Tax Cuts And The Deficit
STEVE INSKEEP, HOST:
Trump administration officials have been doing a lot of interviews lately trying to build support for the tax-cut bills now being debated in Congress. And they are facing a lot of skepticism. One of the questions they're having to answer is what the tax cuts will mean for the federal budget deficit. Here's NPR's Jim Zarroli.
JIM ZARROLI, BYLINE: The federal government already spends a lot more than it takes in every year. And the tax cut bills Congress is considering threaten to make the shortfall even bigger. The Congressional Budget Office, or CBO, which is the nonpartisan federal agency that analyzes tax legislation, says a tax cut of the magnitude being talked about would reduce the money flowing into government coffers by $1.4 trillion over the next decade. So unless Congress makes drastic cuts in spending, simple mathematics says the budget deficit will only grow. Or will it? Trump administration officials have lately been pushing back hard against the deficit doomsayers. Here was Budget Director Mick Mulvaney on CNN this weekend.
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MICK MULVANEY: The CBO refuses to give any value at all to the dynamic effects of lowering taxes and letting people keep more of their own money.
ZARROLI: Reducing taxes, he says, leads to growth, which means people make more money and they pay more in taxes. So cutting taxes may blow a hole in the federal budget for now, but the impact will be reversed, at least in part, over time by the fact that the economy will grow faster. Treasury Secretary Steve Mnuchin has even said tax cuts will pay for themselves. Economists don't exactly dismiss that argument out of hand. Douglas Holtz-Eakin was the director of the CBO during the George W. Bush administration.
DOUGLAS HOLTZ-EAKIN: If the tax bills produce better economic growth, you can expect that to be beneficial with respect to the budget.
ZARROLI: Holtz-Eakin says, yes, cutting taxes can make the economy grow faster. But he doesn't buy the argument that tax cuts can completely pay for themselves.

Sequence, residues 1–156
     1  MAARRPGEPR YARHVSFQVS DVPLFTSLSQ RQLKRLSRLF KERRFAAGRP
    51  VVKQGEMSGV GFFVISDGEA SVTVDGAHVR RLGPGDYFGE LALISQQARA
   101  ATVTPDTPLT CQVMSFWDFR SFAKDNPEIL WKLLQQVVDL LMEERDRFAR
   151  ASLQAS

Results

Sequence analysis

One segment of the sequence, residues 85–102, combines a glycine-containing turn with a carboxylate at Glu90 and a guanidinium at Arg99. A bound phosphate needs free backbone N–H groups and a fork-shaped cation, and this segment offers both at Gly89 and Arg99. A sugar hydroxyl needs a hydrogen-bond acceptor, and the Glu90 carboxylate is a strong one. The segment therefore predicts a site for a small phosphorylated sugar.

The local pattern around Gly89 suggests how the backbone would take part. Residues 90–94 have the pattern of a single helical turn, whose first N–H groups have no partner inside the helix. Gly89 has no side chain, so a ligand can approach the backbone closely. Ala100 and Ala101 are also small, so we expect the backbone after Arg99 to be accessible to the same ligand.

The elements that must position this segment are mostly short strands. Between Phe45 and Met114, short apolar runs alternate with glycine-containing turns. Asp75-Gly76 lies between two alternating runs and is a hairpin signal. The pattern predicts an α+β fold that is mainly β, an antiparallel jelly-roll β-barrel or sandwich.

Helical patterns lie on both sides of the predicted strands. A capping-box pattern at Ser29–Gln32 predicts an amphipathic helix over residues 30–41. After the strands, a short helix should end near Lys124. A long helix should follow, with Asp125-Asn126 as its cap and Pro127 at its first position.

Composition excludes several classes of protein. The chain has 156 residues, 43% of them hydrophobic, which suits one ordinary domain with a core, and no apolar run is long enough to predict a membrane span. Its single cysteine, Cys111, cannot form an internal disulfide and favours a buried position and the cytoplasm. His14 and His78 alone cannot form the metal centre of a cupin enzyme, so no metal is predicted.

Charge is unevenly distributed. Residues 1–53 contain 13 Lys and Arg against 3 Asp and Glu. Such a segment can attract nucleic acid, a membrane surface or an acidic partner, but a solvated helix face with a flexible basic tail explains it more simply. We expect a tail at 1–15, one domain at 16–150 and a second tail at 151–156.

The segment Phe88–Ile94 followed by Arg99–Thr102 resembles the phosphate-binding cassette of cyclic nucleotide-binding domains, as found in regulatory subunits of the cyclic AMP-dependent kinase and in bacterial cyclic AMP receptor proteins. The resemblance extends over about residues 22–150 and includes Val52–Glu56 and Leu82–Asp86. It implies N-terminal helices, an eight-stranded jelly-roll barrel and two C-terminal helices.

HOLTZ-EAKIN: We don't have any experience that says that. We don't have any reason to believe that's true. It overstates the case.
ZARROLI: Economists on the left go even further. They say the claim that tax cuts pay for themselves is just another version of an argument that Republicans have been making for decades. Jared Bernstein is with the Center on Budget and Policy Priorities.
JARED BERNSTEIN: And at this point, it's remarkable that we're even arguing about it. It's just pure sales job, smokescreen, fairy dust.
ZARROLI: Bernstein says there's no evidence tax cuts have ever paid for themselves. Cuts passed by Congress in the 1980s and the 2000s were followed by big increases in the deficit. He also says it's not always true that tax cuts lead to faster growth. In fact, he says, tax cuts can actually lead to higher interest rates and less investment in infrastructure. And in the long run, he says, that can be bad for the economy.
BERNSTEIN: If you have a tax plan that is not revenue neutral - and this one is not by a long shot - one that adds to the deficit, that can actually hurt growth in the long run.
ZARROLI: Bernstein says there really is a need for comprehensive tax reform right now. And a well-designed tax plan could be good for the economy. But the tax plans now making their way through Congress threaten to increase the budget deficit. And if that happens, it could lead to other problems down the road. Jim Zarroli, NPR News, New York.
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